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Gus Cairns
Published: 01 April 2012

When I write this editorial, I often scratch my head about whether there’s a theme or issue that unites the different articles we have in each edition of HTU. This spring, what we have may look like a particularly disparate bunch. What unites the complexities of the English NHS reforms (Overhauling health: NHS reform, HIV and patient power), the hectic pace of research into hepatitis C drugs (Full speed ahead to curing hepatitis C), and the concerns about financial security for people who are just trying to have a normal life (Rest assured: life insurance for people with HIV)? 

This variety of topic was also a feature of the 19th Conference on Retroviruses and Opportunistic Infections (CROI) last month, which we cover extensively in News from CROI 2012 and in Eliminating HIV: latest progress, as well as in the hepatitis C article. There wasn’t one big topic or result that dominated the news; further research into prevention, hepatitis C drugs, new HIV drugs and basic research into a cure all jostled for attention.

In fact, it hasn’t been difficult to find a theme, and that theme can be summed up in one word: access. We are at a particularly crucial point in the way the world treats HIV. US funding for HIV is no longer growing, and the Global Fund, in disarray after accusations of mismanagement – partly fed by politicians who never liked it – has had to cancel its 2012 round of grant giving. UNAIDS estimates that the total amount donated towards HIV treatment and care went down last year – for the first time ever, from $7.6 to $6.9 billion.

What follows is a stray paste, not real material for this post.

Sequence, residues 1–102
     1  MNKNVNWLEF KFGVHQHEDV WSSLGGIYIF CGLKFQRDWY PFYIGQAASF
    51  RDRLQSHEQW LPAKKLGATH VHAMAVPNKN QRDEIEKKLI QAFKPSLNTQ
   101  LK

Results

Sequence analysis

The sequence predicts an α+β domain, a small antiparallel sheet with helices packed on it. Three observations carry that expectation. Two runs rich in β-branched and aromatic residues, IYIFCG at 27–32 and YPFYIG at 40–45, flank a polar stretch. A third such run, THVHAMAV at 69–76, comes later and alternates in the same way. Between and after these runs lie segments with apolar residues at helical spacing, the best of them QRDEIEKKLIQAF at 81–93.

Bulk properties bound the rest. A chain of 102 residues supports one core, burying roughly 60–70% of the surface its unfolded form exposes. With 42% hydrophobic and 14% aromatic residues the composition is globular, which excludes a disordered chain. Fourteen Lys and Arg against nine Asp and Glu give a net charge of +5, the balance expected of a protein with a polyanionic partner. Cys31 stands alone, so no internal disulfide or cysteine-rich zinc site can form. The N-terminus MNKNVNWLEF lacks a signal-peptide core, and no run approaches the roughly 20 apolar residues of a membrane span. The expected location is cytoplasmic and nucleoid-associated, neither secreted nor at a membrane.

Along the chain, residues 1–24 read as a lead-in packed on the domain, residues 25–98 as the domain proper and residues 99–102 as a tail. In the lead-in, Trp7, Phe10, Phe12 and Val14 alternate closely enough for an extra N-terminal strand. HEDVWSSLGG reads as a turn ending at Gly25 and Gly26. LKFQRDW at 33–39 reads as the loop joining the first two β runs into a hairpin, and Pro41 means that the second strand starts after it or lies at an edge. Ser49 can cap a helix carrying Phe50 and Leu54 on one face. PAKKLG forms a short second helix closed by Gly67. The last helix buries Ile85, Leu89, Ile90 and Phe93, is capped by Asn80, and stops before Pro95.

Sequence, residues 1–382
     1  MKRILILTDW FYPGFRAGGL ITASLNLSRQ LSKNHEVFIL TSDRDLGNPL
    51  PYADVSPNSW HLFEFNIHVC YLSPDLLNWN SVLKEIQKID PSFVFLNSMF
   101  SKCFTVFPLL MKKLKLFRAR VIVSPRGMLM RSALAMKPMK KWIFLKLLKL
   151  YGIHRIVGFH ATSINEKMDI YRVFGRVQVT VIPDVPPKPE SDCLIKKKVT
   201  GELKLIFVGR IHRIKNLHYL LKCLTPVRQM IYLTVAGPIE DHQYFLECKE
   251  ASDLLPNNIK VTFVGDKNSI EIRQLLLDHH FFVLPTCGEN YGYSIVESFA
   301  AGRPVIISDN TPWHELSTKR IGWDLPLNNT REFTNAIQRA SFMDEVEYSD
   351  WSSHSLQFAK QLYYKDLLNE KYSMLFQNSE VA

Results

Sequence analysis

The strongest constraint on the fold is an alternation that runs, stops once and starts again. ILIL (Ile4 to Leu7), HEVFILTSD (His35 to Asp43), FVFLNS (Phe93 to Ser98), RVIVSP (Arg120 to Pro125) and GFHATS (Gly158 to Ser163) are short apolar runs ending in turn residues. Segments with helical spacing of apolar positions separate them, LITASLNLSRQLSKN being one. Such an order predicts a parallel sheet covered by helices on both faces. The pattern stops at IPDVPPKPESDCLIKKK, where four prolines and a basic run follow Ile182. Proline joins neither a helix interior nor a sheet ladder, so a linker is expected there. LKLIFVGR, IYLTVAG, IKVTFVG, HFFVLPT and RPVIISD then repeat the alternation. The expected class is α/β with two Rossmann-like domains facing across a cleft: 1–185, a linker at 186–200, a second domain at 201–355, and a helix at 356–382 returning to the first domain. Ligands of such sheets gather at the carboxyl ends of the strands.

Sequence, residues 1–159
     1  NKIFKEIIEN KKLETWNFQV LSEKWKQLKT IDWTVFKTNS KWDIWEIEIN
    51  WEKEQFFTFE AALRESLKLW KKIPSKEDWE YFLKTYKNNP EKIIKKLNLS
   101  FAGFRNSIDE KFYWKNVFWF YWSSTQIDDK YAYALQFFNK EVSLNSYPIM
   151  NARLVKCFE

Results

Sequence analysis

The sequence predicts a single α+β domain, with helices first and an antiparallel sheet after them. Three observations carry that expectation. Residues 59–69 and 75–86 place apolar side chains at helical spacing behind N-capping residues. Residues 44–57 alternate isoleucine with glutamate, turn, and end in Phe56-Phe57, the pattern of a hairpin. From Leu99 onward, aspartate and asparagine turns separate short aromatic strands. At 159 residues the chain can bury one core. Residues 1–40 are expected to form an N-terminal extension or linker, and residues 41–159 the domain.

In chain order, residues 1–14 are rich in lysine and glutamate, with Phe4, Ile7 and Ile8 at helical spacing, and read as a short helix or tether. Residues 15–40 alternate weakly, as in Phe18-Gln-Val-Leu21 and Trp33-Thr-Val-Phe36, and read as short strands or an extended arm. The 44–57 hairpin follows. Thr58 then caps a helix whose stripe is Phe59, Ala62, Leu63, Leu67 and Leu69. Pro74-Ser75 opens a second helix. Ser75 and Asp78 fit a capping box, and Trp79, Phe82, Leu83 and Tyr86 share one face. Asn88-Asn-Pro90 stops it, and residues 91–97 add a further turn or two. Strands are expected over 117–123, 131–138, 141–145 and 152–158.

One study at CROI showed that in eight African countries, one in six of the general population might now be dead had it not been for treatment and care paid for by the US President’s Emergency Plan for AIDS Relief (PEPFAR) programme: an extraordinary figure, but one imperilled by the global financial situation and the deprioritisation of HIV as a topic.

The same theme can be seen in our features. Will the high cost of the treatments bar access to the new generation of hepatitis C drugs for the people who might best respond to them? Will the NHS reforms be used as an excuse to erode the standard of care patients, particularly those with chronic or complex conditions, can expect? How can we persuade a reluctant insurance industry that we are as entitled to financial security as anyone with any other long-term condition?   

There is more hope among scientists about the possibility of ending HIV than there has ever been, whether by extending treatment and effective prevention methods to as many people as possible, or by finding a cure or vaccine. All this takes money, though. It would be bitterly ironic if, at a point when we could end the epidemic, the means to do so were snatched away.

This content was checked for accuracy at the time it was written. It may have been superseded by more recent developments. NAM recommends checking whether this is the most current information when making decisions that may affect your health.
Community Consensus Statement on Access to HIV Treatment and its Use for Prevention

Together, we can make it happen

We can end HIV soon if people have equal access to HIV drugs as treatment and as PrEP, and have free choice over whether to take them.

Launched today, the Community Consensus Statement is a basic set of principles aimed at making sure that happens.

The Community Consensus Statement is a joint initiative of AVAC, EATG, MSMGF, GNP+, HIV i-Base, the International HIV/AIDS Alliance, ITPC and NAM/aidsmap